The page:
Notes on Church Revitalization

Last weekend I had the privilege of attending a conference on church revitalization. I would like to share with you my notes from the conference:

The only people who like change are babies when they need their diaper changed. Change is painful and it is easier to learn from other people’s mistakes than your own. No church ever died from a lack of opportunity. There will always be a shortage of helpers but take care of the laborers you have. Win people over to your vision instead of forcing them. The message cannot change but our methodology can. Everyone must know the vision of the church. We must be engaged in life-changing ministry, not just fixing the building. Simplify the church’s schedule to focus on ministry.

Take care of yourself before the day starts. Finish your sermon preparation early in the week so you can devote the rest of it to pastoral ministry and family. Get away for a week every few months. Meet with those who may oppose your ideas individually before meeting as a group. Do not build the church on your personality. There should be a holy discontent with the way things are. Discover and develop informal relationships by spending more time with the members of the church. Buy credibility and build trust. Trust is more powerful than disagreement.

You are going to make mistakes, but how you respond to them determines whether you live or die. You can’t die on every hill. Perseverance is key to pastoral ministry. Jesus did not come to them immediately because he wanted them to first strain at the oars to show them that they can’t do it on their own. Maintain the spiritual disciples of the Christian life. Work harder at winning over skeptics and pray for them. Make hires based on character, competency, and chemistry. Just because I love you doesn’t mean I won’t fire you. Place the strengths of your employees on a board outside their office.

You have to put coins in the bank before you can take them out. As a pastor, you have a relational account and an authority account. Draw from your relational account instead. Find things that you can be successful at. Lots of early successes builds credibility. Cast a vision for growth – a plan that others can get behind. It takes time to build credibility. The power of a defining moment. Call other pastors and ask to take them out for coffee. Find a person you can be honest with. Life change keeps pastors going. Fellowship is the most valuable commodity you have.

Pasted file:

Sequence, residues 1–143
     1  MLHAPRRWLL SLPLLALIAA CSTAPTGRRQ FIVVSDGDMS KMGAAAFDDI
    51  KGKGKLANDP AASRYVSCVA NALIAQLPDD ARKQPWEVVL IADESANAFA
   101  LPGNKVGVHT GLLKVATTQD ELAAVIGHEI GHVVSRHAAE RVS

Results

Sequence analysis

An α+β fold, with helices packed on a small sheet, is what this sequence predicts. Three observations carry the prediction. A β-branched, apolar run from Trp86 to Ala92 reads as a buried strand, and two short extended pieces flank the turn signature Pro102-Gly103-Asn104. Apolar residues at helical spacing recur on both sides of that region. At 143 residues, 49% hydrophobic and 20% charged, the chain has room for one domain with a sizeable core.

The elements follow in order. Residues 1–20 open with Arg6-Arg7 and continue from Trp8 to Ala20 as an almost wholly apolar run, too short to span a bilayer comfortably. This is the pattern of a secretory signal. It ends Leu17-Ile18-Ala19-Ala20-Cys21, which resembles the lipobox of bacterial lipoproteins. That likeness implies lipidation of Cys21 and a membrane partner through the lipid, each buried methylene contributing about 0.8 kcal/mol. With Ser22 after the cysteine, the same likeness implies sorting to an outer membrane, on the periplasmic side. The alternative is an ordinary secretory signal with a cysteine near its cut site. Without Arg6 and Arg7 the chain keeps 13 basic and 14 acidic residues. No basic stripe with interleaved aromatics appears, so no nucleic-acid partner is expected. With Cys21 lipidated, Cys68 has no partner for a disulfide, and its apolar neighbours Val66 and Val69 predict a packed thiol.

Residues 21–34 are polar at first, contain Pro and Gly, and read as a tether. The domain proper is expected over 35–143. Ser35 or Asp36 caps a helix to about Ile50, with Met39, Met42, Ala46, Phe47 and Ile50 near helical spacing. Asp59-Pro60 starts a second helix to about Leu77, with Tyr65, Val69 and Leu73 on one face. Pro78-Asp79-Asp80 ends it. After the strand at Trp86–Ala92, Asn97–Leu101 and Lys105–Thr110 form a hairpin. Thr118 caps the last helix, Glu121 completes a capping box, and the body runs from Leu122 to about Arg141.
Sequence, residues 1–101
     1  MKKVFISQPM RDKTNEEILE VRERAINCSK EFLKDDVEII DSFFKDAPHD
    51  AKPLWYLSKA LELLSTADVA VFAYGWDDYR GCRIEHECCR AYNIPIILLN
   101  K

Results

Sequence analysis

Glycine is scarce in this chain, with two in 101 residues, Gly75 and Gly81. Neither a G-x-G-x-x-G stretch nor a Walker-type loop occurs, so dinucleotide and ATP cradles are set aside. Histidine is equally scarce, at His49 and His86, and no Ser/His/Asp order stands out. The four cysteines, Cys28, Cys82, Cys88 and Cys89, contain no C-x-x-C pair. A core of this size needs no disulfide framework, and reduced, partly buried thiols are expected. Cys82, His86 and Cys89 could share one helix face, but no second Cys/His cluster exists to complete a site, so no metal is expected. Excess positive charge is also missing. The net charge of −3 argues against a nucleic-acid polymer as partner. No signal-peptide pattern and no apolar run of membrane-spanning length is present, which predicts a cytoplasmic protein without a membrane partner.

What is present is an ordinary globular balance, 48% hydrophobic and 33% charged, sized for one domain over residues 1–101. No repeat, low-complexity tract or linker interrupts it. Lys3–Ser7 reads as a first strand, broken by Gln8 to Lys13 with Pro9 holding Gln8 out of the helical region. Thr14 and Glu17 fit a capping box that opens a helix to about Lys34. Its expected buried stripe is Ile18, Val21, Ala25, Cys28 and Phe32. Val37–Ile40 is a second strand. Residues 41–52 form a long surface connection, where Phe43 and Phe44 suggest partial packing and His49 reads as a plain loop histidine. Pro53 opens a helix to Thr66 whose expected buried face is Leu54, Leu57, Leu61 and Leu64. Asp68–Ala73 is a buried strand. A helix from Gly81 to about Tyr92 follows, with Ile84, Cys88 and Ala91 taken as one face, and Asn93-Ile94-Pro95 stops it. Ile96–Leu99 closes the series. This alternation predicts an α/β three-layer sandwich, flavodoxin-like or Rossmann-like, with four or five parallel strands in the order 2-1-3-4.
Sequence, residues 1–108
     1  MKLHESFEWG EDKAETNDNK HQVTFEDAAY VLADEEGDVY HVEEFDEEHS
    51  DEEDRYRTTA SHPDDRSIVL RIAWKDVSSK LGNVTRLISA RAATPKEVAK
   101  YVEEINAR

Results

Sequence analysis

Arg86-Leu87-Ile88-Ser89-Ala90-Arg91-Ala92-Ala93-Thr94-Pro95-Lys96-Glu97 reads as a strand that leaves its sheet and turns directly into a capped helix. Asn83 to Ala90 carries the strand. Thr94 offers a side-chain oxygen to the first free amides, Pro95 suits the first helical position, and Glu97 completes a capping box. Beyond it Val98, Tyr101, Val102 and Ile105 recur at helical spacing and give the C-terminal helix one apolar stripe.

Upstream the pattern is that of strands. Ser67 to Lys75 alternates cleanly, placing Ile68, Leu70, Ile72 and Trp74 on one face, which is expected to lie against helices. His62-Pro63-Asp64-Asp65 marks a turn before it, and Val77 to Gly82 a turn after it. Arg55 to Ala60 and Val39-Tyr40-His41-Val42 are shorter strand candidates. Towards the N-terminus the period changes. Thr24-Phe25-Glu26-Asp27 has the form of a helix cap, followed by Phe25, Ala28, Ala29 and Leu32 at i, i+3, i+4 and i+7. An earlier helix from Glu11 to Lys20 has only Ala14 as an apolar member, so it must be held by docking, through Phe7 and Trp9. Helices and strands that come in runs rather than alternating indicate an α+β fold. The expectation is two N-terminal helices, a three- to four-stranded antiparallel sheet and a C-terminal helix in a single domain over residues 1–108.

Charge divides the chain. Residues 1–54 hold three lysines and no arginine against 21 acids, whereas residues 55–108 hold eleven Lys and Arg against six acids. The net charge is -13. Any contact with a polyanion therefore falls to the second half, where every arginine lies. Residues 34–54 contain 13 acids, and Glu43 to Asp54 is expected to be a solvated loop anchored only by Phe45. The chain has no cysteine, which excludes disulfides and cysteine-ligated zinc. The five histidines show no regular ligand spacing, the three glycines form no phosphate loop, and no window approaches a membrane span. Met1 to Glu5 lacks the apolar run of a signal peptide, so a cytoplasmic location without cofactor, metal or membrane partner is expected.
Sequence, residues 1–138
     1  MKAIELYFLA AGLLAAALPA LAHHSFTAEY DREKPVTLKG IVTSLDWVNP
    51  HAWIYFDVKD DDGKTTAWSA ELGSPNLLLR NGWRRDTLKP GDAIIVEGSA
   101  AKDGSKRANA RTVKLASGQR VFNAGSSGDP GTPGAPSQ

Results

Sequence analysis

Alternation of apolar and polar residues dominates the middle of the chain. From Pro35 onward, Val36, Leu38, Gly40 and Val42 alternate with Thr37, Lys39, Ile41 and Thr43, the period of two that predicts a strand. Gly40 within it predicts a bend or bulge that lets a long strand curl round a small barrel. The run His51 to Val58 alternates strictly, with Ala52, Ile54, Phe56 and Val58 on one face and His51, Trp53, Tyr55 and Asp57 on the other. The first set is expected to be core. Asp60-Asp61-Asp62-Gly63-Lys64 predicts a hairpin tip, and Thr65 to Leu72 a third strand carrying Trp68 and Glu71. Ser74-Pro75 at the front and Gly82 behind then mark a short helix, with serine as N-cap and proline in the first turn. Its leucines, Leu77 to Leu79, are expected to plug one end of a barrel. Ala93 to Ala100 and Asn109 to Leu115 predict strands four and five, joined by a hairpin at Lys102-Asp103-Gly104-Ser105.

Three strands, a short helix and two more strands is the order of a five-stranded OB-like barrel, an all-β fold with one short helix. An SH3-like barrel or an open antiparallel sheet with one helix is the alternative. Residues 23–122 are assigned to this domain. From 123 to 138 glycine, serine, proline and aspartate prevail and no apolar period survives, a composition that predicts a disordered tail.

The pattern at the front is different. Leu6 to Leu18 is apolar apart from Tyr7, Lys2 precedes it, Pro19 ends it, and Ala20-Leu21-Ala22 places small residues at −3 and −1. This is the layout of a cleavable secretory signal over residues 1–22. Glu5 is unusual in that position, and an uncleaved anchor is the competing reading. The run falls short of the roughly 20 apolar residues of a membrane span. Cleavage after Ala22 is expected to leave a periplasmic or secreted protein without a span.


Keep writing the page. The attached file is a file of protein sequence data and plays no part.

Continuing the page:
Every church has its own culture. The church is more than an organization, but it is not less than an organization. Is the organizational culture of your church sabotaging your vision? Vision is the seed; organization is the soil. The DNA of a church is fashioned by its values. The church must be outreach focused and expect to see new members join. A new members class is essential and creates an expectation that guests will visit. Inject the DNA of your church into new members at this class. Start new ministries to give new members opportunities for service. The DNA of a church is its purpose and passion. Make members partners in ministry. “Member” implies perks as opposed to a ministry partner. Small groups are places for ministry. These growth groups are where community happens.

Reallocate resources for the purpose of discipleship. Design the facility to reflect the mission of the church. There needs to be a clear front door and community room to hang out in. Use transparent glass whenever possible. Install massive windows to see outside. Tell stories about the church. Every church needs a creation story. It’s not about us, it’s about serving, it’s about reaching people.

Some people will not change. Pray and seek counsel before each decision. There is no such thing as too much counsel. Leave cow patties alone and don’t kick them or else they’ll stink. Some people should not be disturbed and the best thing that could happen is for them to leave the church. Meet with a mentor regularly. Ease into change, don’t force it. Don’t spin the merry-go-round faster when you want people to get off. Make sure people know you love them when trying to bring about change. Don’t keep changing your vision. Barking dogs don’t bite. Have a volunteer huddle once a month: feed them, do giveaways, birthday stickers, encourage two people not in your ministry. What you celebrate is what gets repeated. Celebrate the wins. We’re in a party inviting those on the outside to join us. Show them instead of telling them. No one likes a party pooper.

Tell compelling stories to build a new church culture. Make the preaching more conversational – like Jesus taught, instead of behind a pulpit. Use an illustration every 2-3 minutes to keep the attention of the audience. Allow people to download the slideshow to their smartphones. Create ministry apps and be connected through social media. Serve your volunteers every quarter. The cumulative effect of change will make some people change who once resisted.

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